Certain distributor staff, as well as some non-AMOA members who don't closely follow industry news, have labored under the mistaken impression that since AMOA Expo no longer exists as an independent show, AMOA itself no longer exists as an independent association.
In this regard, some confused industry members might be under the false assumption that AMOA has followed the same path as the International Association for the Leisure and Entertainment Industry, which merged with IAAPA in late 2009 and shortly afterward ended Fun Expo.
"Our members understand that AMOA will continue to serve the operator; we haven't gone anywhere," Fremin said. "But sometimes it's tough to get that message out to the rest of the industry."
Accordingly, AMOA's continuity is a second key message that Fremin will promulgate during his term, he said.
"We constantly remind people that we're here, we are stronger than ever, and we will continue to serve the operator," he said.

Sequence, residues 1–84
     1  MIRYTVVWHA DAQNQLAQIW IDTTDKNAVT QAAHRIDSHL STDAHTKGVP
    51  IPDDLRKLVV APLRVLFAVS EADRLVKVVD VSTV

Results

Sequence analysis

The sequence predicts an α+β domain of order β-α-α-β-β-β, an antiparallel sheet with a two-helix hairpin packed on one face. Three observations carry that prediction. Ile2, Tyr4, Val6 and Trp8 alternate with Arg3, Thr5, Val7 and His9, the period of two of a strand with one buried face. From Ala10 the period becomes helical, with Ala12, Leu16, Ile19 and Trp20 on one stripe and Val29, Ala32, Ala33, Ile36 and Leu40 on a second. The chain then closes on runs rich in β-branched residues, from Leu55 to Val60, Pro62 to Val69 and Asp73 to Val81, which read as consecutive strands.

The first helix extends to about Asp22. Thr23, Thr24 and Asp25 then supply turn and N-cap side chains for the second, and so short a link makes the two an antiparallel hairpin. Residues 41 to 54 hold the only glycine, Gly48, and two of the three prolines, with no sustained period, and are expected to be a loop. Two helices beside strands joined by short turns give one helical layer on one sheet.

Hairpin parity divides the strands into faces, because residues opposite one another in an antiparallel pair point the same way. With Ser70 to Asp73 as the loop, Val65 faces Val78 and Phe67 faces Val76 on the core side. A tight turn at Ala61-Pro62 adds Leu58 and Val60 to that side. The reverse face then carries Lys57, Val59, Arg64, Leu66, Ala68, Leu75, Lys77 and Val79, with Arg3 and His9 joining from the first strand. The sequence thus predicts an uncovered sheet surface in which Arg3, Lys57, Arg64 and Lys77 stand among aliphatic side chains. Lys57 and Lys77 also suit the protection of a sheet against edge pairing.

Fremin's vision of the association as prime defender of operators' interests may lead him to hear many questions that start, "What is AMOA going to do about …?" And first on that list is: what is AMOA going to do about NSM Music's plan to sell jukeboxes direct to locations?
Two years ago, the 63-year-old trade association was highly involved in pressuring Ecast Inc. to stop supplying a music delivery platform for a similar purpose to Jukes Direct, a direct-to-location jukebox sales company, which never launched, and now Powerhouse Vending (Orange, CA). The latter sells or leases downloading jukeboxes to locations. Its equipment is powered by Ecast.
When concern about Powerhouse Vending's business activity began to shake the operating community, AMOA worked both publicly and behind the scenes to motivate Ecast to dissociate itself from this business.
Now that NSM has announced a similar plan, AMOA's response is not as clear-cut. A recent email bulletin from the association's executive vice-president, Jack Kelleher, made it obvious that AMOA disapproves of direct sales programs. But Kelleher did not state what specific actions the association might be contemplating, in NSM's case.
Fremin was not yet AMOA's president at the time of his interview with VT and, therefore, was not the official spokesman for association policy. But his explanation of its stance closely echoed Kelleher's.